How you become an entrepreneur can take many different paths but I’m certainly not working for someone else. At this point, it’s who I am and all I know. Some feel that they can’t do it forever because they have plans on starting a family or can’t sustain the intensity – well I disagree. It’s sustainable if you choose. It doesn’t have to mean risking it all, or working 100 hours a week. It’s more like waves that come and go and if you manage it properly, it’s doable. I can’t see myself doing anything else – building companies is what I love to do.

I’m not writing this to discourage people from starting. I’m hoping people read it in order to help them prepare. Entrepreneurship is definitely not for the faint of heart. It’s certainly not a career move either, it’s something you do for the rest of you life.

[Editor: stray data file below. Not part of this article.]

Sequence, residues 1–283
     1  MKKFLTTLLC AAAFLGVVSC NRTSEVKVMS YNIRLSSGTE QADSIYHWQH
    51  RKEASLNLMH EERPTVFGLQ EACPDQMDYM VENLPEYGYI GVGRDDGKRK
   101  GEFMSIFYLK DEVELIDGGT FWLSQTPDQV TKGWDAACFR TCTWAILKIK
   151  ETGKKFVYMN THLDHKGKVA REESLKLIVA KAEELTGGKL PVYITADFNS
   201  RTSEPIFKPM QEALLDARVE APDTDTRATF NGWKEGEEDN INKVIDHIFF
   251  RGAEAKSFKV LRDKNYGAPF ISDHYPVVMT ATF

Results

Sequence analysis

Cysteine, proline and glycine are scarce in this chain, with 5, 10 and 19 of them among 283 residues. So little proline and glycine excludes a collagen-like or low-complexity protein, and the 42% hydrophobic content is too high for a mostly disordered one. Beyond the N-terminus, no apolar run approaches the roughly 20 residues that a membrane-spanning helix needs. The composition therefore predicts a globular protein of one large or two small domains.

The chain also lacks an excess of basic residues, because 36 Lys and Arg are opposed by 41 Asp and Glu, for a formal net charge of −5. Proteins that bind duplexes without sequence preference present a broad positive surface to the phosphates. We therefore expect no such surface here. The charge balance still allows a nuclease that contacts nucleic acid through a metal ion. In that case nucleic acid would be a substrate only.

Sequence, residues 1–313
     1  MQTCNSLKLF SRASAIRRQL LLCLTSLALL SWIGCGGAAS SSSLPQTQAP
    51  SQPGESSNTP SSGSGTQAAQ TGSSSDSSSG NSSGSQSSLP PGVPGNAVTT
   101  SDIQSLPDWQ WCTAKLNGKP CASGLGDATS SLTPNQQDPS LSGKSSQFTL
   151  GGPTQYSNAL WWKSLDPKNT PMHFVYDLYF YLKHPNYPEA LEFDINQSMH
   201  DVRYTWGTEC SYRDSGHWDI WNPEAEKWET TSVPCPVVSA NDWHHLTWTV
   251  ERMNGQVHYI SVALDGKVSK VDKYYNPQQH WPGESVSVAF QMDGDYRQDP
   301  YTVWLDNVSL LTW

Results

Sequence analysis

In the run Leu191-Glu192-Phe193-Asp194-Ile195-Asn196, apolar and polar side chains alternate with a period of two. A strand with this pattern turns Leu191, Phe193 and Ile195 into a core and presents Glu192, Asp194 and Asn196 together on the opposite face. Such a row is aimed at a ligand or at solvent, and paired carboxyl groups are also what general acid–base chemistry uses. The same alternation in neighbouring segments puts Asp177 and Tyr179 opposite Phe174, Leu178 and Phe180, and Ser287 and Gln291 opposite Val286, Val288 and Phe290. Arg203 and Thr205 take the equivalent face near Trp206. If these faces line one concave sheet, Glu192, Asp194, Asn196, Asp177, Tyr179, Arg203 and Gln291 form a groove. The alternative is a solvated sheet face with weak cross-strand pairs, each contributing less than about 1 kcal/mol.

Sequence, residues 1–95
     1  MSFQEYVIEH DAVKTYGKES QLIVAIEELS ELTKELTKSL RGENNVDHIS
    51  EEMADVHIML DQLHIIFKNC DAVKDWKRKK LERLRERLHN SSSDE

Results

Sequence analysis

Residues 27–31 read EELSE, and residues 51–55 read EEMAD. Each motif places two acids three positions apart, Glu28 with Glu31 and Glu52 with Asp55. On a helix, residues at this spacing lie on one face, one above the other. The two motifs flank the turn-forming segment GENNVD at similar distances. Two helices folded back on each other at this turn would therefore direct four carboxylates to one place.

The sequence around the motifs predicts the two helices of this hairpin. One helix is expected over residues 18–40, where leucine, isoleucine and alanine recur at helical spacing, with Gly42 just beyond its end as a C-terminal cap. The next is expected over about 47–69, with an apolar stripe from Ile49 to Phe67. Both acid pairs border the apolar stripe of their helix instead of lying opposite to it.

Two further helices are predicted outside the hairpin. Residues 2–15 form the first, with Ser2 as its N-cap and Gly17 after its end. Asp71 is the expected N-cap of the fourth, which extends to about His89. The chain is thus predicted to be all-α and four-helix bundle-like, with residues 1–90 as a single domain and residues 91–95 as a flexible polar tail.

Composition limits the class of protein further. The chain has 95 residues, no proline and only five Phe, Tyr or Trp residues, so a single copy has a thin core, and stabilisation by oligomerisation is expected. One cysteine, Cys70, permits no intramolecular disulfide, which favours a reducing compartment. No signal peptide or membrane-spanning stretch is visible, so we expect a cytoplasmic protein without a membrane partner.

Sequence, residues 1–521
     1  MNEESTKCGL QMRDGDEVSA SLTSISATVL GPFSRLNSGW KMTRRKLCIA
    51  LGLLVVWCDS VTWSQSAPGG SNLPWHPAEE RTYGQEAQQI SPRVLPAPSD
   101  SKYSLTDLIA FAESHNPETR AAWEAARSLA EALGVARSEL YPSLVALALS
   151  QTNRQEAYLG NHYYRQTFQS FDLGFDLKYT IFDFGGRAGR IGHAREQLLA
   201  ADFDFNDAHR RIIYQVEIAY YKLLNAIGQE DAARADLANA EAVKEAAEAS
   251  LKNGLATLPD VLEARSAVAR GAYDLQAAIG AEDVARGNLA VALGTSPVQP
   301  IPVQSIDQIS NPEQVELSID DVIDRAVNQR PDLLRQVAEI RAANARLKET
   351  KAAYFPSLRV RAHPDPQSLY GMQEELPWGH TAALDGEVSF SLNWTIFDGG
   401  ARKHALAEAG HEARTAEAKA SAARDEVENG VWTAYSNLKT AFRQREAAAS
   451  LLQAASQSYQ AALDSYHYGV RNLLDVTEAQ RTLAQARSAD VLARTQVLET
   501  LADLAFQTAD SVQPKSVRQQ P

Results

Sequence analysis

P.S.Lately I’ve been writing twice a week at http://maplebutter.com – it’s a blog I started for Canadian founders – be sure to subscribe.

21 Comments

  • Nice Dan. Starting a company isn’t about how much funding you can get or what kind of lines of credit you will have access to after it gets off the ground. I know people that operate in that manner and their business suffers because no one at the top is actually passionate about the product their company sells or the people in the building.

    I’m by no means saying that money is evil, but it’s important for entrepreners to see it as a resource to fuel their passion and not a means to an end. To start/run/own a business you have to truly love it and I hope to be there sooner than later. Good post!